|Dr. Black & Farah|
Just two-hours later, I got a call from the lady who helps out at the barn. She'd found Farah down - down in the worst possible place - in the doorway between her stall & the paddock - in a very steep spot... Being an RN - Candace got a halter on, got her up & called! We made record time getting to the barn & called Dr. Black on the way.
Farah was standing, but looked dazed when we arrived. Very stiff - her stride in the rear short & choppy. She was shivering in the wind, I was so thankful that we had her blanket in the truck! We started walking her - more for our benefit than hers. She pooed a nice pile - that was good to see! She became more alert, her eyes brightened as the sun set...
I called our Go-To Man - Dean Essex, DVM. Even long-distance he diagnosed a reaction to either the sedation - which she'd had before, or the carrier for the vaccine. He told us to stop walking the mare & wait for Dr. Black - who made the 40+ mile trip in record time. Gut sounds - good, temperature - normal, heart rate 44 & not dehydrated. Her HR had been 40 at the clinic. There was a slight swelling at the injection site. He too, thinks it was a reaction to the carrier (I don't remember the correct term.) in the vaccine. He also took a blood draw just to be sure there wasn't something else going on.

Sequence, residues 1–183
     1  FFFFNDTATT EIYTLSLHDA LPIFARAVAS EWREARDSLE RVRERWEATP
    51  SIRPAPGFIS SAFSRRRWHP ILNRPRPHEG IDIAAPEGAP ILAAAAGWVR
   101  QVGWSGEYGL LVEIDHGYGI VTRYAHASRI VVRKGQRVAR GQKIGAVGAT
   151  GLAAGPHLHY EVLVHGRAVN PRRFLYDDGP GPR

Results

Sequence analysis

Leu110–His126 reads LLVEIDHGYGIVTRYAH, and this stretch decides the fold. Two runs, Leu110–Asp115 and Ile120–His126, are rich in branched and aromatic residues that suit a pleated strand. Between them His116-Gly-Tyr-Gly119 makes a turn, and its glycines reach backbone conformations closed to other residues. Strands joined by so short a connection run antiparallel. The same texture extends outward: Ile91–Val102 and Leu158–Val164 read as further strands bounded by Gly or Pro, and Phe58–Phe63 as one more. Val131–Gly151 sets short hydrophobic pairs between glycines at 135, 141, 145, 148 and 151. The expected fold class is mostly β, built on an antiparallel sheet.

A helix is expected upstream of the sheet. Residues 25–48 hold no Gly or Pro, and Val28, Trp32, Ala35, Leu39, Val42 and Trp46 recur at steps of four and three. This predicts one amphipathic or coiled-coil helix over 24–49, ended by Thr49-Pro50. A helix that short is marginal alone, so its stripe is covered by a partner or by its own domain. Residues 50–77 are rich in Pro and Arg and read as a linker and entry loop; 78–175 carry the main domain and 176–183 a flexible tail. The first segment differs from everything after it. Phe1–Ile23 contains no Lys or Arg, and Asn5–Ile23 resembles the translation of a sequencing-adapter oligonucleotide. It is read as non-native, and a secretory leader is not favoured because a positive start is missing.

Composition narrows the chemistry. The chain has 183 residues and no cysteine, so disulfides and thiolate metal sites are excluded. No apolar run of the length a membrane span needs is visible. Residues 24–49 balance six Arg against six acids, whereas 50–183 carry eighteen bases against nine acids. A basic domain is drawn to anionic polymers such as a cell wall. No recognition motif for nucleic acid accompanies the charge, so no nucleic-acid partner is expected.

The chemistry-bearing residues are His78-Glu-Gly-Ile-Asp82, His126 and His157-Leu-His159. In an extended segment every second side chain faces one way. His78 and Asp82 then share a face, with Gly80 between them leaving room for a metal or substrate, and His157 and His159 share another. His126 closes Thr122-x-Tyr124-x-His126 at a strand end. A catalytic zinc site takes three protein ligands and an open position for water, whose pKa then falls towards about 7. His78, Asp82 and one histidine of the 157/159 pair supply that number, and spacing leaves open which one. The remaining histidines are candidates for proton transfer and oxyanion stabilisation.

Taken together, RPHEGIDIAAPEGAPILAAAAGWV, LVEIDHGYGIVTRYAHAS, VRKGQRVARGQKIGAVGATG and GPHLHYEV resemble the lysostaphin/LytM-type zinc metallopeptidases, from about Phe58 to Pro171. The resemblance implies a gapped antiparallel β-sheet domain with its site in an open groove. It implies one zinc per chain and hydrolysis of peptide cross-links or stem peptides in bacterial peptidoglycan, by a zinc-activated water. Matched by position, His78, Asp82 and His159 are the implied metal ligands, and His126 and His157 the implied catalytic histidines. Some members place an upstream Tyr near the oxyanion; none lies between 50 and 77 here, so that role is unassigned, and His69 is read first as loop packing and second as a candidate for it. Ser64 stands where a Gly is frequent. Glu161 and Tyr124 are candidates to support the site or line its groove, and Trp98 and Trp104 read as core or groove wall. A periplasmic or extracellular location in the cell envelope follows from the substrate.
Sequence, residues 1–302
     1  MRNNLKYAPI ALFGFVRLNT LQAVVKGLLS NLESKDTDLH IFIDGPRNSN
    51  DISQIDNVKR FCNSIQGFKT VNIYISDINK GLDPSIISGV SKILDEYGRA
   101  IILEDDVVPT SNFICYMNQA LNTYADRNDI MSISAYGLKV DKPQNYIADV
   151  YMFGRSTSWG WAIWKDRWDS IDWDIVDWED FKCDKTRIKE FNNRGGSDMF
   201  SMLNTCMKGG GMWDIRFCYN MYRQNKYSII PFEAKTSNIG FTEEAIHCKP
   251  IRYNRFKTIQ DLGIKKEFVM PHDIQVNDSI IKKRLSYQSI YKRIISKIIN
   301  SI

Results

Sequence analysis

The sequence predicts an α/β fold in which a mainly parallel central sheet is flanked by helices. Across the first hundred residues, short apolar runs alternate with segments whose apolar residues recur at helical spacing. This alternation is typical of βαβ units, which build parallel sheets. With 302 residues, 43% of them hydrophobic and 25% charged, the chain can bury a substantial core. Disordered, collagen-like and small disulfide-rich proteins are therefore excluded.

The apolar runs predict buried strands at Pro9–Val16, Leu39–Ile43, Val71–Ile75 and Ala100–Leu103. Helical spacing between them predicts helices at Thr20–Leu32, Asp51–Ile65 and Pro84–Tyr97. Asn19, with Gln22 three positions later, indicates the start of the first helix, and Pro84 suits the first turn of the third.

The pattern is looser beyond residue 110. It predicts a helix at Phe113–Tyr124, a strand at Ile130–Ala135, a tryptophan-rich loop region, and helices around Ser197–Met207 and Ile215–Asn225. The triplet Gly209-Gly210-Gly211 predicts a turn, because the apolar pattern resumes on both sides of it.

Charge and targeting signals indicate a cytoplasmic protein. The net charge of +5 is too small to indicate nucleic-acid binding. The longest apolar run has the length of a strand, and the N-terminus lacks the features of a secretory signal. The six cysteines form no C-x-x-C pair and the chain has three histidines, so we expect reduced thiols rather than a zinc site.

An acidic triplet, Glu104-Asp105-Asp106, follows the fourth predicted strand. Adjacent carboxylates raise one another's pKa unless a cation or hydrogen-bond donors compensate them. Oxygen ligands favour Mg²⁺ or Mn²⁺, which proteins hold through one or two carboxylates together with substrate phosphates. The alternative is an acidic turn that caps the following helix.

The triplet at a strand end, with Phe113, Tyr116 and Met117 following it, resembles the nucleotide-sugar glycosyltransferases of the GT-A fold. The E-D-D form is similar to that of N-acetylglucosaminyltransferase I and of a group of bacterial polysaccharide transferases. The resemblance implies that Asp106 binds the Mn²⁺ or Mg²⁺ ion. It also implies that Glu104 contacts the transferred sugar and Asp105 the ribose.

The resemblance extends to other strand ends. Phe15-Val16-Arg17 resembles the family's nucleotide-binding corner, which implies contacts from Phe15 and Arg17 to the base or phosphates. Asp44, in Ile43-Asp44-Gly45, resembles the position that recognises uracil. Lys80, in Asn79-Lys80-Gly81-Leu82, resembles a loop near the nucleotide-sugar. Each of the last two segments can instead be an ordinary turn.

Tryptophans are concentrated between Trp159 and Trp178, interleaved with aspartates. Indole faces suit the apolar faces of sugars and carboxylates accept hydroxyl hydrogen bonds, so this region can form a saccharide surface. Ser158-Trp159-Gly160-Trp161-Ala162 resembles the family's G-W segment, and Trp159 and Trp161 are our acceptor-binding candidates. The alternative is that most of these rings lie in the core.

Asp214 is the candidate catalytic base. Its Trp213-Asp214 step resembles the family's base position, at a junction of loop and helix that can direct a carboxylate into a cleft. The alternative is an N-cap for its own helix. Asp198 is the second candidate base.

There was an inside stall open, Farah had stopped shivering. She was given Banamine & was much more comfortable by the time we left. I think we were home maybe an hour - when we both had to go back to check on her. She looked so much better - we watched as she took a nice long drink of water. Sweet relief!
We drove out again - first thing this morning & seeing her head over the stall door was as good as it gets! The swelling at the injection site was completely gone. Temperatures had warmed back up, we removed her blanket, gave her carrots & put her back into her stall. She busily began eating the wet beet pulp we'd brought & her hay. Dr. Black called to follow-up; saying that her blood work came back normal. We'll be watching her closely for the next few days.